Over the next three posts, I’ll be showing you how ebooks are coded and formatted.
You’ve heard me call an ebook a website in a box. This time we’re going to talk about what’s inside the box.
First things first: let me share an ebook with you. It’s the ePub file for a short story of mine called White Robes. (Clicking on this link will download the file to your device.)
You’re welcome to read it, obviously, but for the purposes of this post (and the next two), we’re going to be opening up the box and dissecting the ebook.
This is the actual production file that I’ve uploaded to Amazon, by the way — it includes all of the coding and formatting that I typically include in creating an ebook. It will be the model that I’ll be using over the next few posts in discussing an ebook’s innards.
Opening the Box
What we’re going to look this time is the structure of the ebook — the collection of files that an ePub-ready ereader like Apple’s iBooks or Barnes & Noble’s Nook or Readium or Calibre or any of thousands of other apps can open. 
So now we have our website in a box. Let’s open the box and see what we’ve got! 
There are just three steps:
Step 1: Duplicate your file
Now, I’m going to assume that you’re using a Windows or Mac computer. 
We’re duplicating the file so that the original doesn’t get destroyed. Just a good habit to stay in, right?
In Windows, select the file in Windows Explorer by dragging over it or left-clicking on it once. From the Organize menu at the top of the window, select Copy. (You can do the same thing by right-clicking on the file and selecting Copy.)
In Mac OS X, select the file in the Finder by dragging over it or clicking on it once. Now hit command-D or go to the File menu and select Duplicate. (You can also control-click/right-click on the file and select Duplicate.)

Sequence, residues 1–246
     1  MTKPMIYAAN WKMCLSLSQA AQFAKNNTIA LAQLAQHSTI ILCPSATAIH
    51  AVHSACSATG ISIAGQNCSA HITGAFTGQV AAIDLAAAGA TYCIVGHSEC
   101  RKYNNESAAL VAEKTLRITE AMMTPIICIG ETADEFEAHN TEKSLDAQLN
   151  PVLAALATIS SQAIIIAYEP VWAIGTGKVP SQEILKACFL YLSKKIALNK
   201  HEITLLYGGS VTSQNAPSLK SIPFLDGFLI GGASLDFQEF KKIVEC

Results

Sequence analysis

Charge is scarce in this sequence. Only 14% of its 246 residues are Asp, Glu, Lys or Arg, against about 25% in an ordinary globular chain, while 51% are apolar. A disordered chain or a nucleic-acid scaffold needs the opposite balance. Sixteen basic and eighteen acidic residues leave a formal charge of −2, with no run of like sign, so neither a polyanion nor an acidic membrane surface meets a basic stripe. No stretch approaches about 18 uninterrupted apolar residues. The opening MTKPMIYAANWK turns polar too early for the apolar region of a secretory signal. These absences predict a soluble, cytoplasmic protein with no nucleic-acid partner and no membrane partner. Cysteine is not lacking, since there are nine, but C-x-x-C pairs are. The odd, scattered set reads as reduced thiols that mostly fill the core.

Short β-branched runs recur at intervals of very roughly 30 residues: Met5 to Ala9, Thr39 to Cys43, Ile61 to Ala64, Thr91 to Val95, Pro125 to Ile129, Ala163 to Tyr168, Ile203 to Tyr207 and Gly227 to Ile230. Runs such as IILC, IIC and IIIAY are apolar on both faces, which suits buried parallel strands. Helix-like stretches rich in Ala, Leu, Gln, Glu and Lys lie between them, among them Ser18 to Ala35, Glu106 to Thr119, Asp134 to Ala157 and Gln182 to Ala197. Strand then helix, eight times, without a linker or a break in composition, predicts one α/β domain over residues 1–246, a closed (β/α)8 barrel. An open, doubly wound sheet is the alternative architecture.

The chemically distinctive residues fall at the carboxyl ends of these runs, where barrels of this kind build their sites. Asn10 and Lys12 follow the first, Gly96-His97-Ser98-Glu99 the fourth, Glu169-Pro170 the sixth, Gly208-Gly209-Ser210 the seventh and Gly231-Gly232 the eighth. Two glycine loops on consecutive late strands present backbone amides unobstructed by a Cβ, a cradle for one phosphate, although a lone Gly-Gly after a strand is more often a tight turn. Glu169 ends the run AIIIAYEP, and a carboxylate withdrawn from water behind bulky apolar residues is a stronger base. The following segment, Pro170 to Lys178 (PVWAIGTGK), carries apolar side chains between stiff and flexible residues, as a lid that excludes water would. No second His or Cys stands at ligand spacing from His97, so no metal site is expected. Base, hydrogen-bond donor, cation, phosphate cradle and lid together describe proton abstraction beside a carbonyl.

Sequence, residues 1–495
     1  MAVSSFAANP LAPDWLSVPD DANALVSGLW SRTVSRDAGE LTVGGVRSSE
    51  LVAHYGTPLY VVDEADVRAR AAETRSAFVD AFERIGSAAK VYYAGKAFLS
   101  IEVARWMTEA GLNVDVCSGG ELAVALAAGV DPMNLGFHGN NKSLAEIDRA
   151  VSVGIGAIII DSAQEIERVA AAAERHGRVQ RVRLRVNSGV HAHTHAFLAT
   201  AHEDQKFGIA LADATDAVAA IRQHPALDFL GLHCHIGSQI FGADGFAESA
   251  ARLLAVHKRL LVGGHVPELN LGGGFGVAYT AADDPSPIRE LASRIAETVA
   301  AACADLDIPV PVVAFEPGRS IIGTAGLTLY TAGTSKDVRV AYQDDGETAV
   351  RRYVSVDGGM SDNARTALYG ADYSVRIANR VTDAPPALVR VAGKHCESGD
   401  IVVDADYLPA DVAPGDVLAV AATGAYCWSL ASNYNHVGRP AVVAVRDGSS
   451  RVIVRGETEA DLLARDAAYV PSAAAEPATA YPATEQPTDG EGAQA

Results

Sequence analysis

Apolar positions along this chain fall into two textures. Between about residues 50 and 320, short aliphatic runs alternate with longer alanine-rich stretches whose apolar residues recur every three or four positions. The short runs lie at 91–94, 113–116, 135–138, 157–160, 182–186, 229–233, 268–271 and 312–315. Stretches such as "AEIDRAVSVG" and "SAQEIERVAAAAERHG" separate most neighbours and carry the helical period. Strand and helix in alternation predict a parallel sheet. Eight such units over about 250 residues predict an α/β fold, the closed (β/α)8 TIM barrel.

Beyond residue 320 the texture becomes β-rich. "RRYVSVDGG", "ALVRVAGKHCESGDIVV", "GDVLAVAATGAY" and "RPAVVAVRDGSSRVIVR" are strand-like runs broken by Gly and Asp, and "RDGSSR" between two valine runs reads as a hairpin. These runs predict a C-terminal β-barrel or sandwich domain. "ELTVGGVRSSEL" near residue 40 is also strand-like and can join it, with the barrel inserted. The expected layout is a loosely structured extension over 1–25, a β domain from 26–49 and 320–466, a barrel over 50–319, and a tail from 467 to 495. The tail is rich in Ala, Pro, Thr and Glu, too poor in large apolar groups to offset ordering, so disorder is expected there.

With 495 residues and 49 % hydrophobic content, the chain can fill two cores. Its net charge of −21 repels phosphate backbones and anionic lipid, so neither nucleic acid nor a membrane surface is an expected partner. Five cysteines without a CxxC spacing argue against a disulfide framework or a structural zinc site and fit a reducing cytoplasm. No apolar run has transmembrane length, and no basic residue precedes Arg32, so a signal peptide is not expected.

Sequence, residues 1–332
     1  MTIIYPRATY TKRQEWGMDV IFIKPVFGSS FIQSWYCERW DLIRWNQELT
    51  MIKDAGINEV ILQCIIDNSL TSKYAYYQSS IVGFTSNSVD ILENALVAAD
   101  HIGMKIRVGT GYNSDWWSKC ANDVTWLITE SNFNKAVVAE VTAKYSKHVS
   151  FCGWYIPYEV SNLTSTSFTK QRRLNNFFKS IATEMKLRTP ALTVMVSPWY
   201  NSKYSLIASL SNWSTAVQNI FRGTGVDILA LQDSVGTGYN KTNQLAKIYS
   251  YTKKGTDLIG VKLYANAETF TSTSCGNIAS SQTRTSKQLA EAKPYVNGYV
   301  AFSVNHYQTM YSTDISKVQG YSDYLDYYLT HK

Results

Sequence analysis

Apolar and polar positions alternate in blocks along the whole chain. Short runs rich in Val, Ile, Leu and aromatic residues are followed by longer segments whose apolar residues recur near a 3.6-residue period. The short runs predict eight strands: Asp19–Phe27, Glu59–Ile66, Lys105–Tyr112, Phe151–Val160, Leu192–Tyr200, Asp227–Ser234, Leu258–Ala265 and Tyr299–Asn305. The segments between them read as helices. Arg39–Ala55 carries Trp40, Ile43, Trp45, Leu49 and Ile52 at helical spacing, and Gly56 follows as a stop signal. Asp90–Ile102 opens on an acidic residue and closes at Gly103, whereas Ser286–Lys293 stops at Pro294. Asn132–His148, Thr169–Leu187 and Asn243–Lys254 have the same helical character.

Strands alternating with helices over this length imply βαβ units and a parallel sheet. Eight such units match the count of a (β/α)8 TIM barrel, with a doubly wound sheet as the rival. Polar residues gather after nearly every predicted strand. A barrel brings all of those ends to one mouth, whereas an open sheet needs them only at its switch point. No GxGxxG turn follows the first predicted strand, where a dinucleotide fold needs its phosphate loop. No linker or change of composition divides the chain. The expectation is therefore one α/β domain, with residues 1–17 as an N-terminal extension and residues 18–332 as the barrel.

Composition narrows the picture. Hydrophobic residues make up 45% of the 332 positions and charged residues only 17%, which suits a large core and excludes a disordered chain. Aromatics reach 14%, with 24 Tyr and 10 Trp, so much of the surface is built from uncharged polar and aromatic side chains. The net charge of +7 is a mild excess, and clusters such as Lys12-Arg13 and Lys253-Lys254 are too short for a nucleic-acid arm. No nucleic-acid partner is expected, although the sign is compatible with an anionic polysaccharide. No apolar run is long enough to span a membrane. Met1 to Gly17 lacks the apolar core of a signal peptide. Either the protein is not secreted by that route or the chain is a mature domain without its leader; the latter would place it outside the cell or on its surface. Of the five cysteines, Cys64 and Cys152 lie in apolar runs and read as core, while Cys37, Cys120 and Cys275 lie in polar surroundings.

You should now have a duplicate copy of the file:
Step 2: Convert to ZIP format
This is actually a much simpler process than you might think: an ePub file is just a carefully constructed ZIP archive with a different extension (the last three or four letters at the end of the file name).
If you don’t see the . epub extension at the end of your new file, click on/drag over the file to select it.
In Windows, go to the Organize menu and select Folder and Search Options. De-select the Hide known file extensions option. Click OK.
In Mac OS X, go to the File menu and select Get Info or hit command-I. If not already open, click on the triangle next to the Name and Extension heading to reveal the Hide extension option and deselect it. Close the Info window.
Now rename the file.
In Windows, right-click the file name and select Rename (or left-click and hold down the button for one second). Double-click the epub file extension (not including the period!) and replace it with the extension zip. Hit the Enter button.
CLICK TO KEEP READING